Sunday, 7 March 2010

The Simon and Jo Film Show: 07/03/2010

This week we begin under Waterloo Bridge on Leak Street - an authorised Graffiti area - where Banksy is screening his debut film: Exit Through The Gift Shop.

We then discuss the new releases and Top 5 UK Box office alongside reviewing Barbarella and Clint Eastwood's 1992 Western Best Picture Unforgiven.

To finish we place bets on the winners at the Oscars and consider the trailers for The Runaways, After. Life and - what looks like - a landmark Disney Documentary Waking Sleeping Beauty.

Blogs Mentioned:
The letter-guessing game from hell on Blog Cabins
Mad Hatter and his blogs and podcasts on The Dark of the Matinee

Music is from Barbarella.


  1. You mentioned being intrigued by the graffiti scene when talking about Banksy. When I was younger I was relatively close to the ‘West Yorkshire Hip-Hop scene’ if it could be so described. During these hazy years at numerous house parties there was frequently a video called Dirty Handz being played. I was invariably somewhat inebriated via various chemicals and the such, but I remember it to be a very well put together, grimey display of the Paris Graffiti scene. Well worth checking out. Haven’t checked this link but apparently it has the whole film.
    Dirty Handz

  2. Great Episode lads - especially loved the UNFORGIVEN discussion as its one of my all time faves.

    Now then, thank you SO much for the mention! I'm still amazed anyone is actually listening to my podcasts, let alone passing on the word. I owe ya one

    (Though for what it's worth, I'm Canadian not American)

    As for Jo not liking ONCE, you'll have to pardon my ignorance, but what is it about the movie that rubs him the worng way? Admittedly it's a low-boil story, but there's still a lot to enjoy about it.

    Finally the difference between music films and musicals...

    A music film is one where the music is incidental (more often than not it centres around some singer or band). Songs are usually stage performance pieces. Think THE COMMITMENTS, ALMOST FAMOUS, 8 MILE.

    A musical has the characters spontaneously break out into song and dance to further the story and express emotions. More often than not, there is dancing too. Think WEST SIDE STORY, RENT, MOULIN ROUGE!, and yes DREAMGIRLS.

    It's a subtle difference...but trust me - to people who don't care for musicals, the difference is huge!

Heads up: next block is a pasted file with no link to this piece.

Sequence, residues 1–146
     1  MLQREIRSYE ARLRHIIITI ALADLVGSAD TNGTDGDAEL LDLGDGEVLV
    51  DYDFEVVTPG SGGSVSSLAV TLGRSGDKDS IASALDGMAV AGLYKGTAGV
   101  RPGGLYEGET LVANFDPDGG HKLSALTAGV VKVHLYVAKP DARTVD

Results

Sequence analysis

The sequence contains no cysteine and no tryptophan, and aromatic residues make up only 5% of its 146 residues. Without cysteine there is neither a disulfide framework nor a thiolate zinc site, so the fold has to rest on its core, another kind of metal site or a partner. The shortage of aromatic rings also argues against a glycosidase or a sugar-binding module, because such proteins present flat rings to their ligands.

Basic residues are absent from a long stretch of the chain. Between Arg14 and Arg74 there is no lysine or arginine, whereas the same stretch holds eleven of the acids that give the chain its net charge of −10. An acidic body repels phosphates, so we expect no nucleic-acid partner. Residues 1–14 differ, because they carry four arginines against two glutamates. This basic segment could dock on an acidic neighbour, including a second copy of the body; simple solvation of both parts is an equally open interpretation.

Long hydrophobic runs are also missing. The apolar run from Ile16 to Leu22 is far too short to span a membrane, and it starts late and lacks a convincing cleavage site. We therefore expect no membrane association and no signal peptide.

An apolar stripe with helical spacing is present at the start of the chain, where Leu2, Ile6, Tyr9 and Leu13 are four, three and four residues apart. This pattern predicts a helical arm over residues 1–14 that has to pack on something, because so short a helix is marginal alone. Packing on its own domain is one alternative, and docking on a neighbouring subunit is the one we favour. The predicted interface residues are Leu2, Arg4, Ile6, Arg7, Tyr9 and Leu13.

Keep up the great work, and look out for a mention during Episode 9 of The Matineecast.

  3. Destroy,

    I began watching the Dirty Handz video (gota have the time!) and it does look alright. Banksy is always credited with being the street-art guy but he is probably the onyl one who has made money off of it. Bit of a sellout methinks.


    Dreamgirls has the majority of songs as performance pieces akin to the stage-only musical Jersey Boys. Yes, one or two songs are sporadic - but in, say, Once - when she is walking to the shop and putting his words to music - clearly thats not actually happening and akin to breaking out in song ...

    The musical biopics are difficult to define methinks.

    Apologies for the geographical mix-up... these blogs should have big-ass maps to clarify where people are from.

    And with regard to your podcast, its a slow-burning process and if you think about, Mad Hatter, you only tuned in last week for the first time ... our 21st recording! For me, its going to be slow if I'm not paying for advertising and I'd like to think that when people find us, they stick with us - so I just hope we haven't lost listeners...

  4. I don't think you've lost any yet. The good thing about me showing up at episode 21 (My lucky number as it happens), is I have 20 episodes worth of back episodes to soak up at my own pace!

    ONCE is such a difficult one to nail down. On many levels it's a straight-up music film (songs slowly coming into trying to make it...), but in some ways it feels like a musical too. Certainly in the way that songs like "Falling Slowly" and "If You Want Me" seem to express what the characters are feeling at those moments in the story.

    As for DREAMGIRLS, you're right, most of the numbers do happen on stage. However, it can earn the musical title just for a number like "Steppin' to The Bad Side" alone. Then thre's the pesky fact that it's an adaptation of a Broadway show.

    PS - You never did mention why Jo hates ONCE so much?

  5. Rhys Bendix-Lewis14 March, 2010 16:07

    Hi guys,

    I've been running a week behind the last few episodes but I've finally caught up. These podcasts are really turning into something special.

    Jo, you really need to watch Gran Torino again. I personally agree with the French critics that it's one of the best films from last year – funny, moving, profound. Eastwood is a wonderful filmmaker, and I feel privileged to exist in an era when I can look forward to a new release from him so often.

    I think why Eastwood goes down so well with the French is that they respect genre and the auteur. Like Shyamalan, who the French also seem to adore, Eastwood has an individual voice, yet he works in very historical genres. Even with a film like Changeling, that is made up of so many genres, each one is very defined and very well done.